The frogs in the newly flooded wetlands croaked their discordant bass notes; I was trying to sneak up on them and had started to rise above the tall grass around the bog. I felt a little like Godzilla suddenly seen rising above the hills around Tokyo (does everyone carry around movie images in his head for just such occasions). Then I noticed that Wolfie was
sniffing at and jumping back from something on the ground. I got to him in time to prevent him from eating the caterpillar, a thick, yellowish, five-incher with 4 yellow horns on its back, a fashionista caterpillar. At home I found its photo; it will later transform into the Imperial Moth.
I moved it out of the grass and into a shadowed place, hidden among brush and trees; maybe it would have a better chance there, away from mower blades and sharp-eyed crows. Odd, that even among insects and their ilk our actions sometime lead us to search for safe shadows for them and thus wish for a creature utterly machine-like in its instincts to gain a better chance for its life to unfold.
Not all insects. I’ve poured gasoline down yellow jacket nest holes, flipped the match and watched the puff of flame and listened to the dim crackle that followed. One time in
the Adirondacks hiking off trail I watched a young woman, running, throw off her pack and strip down to her underwear to try to escape ground nesting wasps she had disturbed. She was allergic to their venom. We had to inject her with an antidote and get her to medical aid before she lapsed into anaphylactic shock.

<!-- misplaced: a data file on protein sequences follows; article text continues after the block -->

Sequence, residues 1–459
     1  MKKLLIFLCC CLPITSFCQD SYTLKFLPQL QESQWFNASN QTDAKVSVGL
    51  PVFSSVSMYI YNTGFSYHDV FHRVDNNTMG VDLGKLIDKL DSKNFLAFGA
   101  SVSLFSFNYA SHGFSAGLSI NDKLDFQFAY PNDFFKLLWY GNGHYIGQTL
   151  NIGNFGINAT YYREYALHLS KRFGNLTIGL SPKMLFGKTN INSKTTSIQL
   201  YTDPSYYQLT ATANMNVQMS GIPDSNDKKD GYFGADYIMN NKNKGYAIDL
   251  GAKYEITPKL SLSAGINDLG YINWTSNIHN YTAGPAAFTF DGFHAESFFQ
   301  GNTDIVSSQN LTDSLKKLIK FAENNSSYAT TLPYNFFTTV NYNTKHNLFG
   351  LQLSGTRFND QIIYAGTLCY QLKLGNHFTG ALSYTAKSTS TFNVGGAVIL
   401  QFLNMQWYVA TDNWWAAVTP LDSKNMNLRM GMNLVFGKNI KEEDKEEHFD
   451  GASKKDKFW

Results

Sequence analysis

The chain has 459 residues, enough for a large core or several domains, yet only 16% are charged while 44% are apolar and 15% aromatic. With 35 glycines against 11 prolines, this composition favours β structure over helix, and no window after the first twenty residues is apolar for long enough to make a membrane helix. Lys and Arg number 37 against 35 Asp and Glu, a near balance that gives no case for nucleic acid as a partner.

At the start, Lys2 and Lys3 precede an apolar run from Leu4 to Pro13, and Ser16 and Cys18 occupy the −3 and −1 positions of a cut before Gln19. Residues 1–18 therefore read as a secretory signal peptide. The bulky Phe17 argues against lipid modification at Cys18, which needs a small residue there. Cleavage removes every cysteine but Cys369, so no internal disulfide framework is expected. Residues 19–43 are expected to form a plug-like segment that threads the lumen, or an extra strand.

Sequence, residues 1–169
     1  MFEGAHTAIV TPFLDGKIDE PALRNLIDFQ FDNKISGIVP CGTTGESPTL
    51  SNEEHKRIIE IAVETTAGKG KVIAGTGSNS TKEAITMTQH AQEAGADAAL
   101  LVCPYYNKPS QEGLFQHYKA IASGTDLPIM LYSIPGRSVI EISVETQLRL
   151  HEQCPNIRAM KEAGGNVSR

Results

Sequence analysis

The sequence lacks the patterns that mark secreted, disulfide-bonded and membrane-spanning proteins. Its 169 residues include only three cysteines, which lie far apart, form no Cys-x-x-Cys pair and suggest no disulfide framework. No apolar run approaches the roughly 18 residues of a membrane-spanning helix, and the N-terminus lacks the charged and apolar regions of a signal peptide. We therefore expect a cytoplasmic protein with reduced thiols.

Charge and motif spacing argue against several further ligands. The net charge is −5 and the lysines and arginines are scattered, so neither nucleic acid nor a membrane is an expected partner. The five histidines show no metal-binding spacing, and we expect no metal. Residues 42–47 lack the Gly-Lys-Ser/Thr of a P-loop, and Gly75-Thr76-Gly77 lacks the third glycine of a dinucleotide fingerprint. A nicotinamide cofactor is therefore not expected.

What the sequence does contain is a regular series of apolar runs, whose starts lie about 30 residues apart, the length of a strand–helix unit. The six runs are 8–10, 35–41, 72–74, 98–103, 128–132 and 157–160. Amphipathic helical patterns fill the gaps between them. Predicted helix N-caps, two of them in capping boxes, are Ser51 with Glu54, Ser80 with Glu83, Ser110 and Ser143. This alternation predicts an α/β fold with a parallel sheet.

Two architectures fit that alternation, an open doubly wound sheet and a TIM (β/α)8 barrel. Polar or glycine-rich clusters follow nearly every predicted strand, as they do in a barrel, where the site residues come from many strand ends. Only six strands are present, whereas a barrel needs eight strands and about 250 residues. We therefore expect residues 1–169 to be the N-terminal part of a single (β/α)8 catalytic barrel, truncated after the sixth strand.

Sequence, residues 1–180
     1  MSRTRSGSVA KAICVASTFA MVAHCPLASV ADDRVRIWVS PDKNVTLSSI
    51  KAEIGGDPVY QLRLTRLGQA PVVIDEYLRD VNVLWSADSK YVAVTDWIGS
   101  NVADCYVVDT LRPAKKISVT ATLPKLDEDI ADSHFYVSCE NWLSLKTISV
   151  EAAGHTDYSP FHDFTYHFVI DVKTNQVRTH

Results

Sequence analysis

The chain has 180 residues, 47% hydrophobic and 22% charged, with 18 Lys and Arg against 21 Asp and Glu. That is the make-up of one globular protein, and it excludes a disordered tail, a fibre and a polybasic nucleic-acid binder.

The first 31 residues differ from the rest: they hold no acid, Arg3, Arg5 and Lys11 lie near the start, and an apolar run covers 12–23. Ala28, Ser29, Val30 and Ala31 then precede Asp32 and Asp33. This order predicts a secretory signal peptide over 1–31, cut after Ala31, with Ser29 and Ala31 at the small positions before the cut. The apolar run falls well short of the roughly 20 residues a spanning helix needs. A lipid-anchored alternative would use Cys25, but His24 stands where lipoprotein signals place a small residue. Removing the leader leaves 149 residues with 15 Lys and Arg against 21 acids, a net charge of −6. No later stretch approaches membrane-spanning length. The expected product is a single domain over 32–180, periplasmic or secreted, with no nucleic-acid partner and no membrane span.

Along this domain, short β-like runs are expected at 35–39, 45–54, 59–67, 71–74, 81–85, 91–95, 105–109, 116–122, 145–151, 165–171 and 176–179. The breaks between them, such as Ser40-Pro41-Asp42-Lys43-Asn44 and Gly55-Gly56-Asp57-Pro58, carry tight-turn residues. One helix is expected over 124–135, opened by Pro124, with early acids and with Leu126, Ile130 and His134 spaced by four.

Still…. I remember one moment from a long ago TV show that bothers me even now. The camera was positioned behind the teacher and to his side. We were looking at an ant colony compressed between two panes of glass, a familiar teaching tool probably found in hundreds of classrooms. We watched the faces of teenagers surrounding the ant-colony. The teacher was speaking about the effects of the explosion of a nuclear bomb – something about all oxygen being sucked away by a pressure wave. That is all I remember. Then he lit a match and held it to the unplugged access point of the colony. He must have applied a chemical of some kind beforehand. There was a loud smackkk and smoke and then all the ants were dead. The teenagers’ faces registered shock. I felt it too. I remember thinking something like “My God, did they have to kill those ants?”
I think a measure of goodness in most of us is repelled by certain forms of cruelty, but I know that I also have that Dirty Harry side to me that rises up rarely and then all I think is
“vengeance is right.”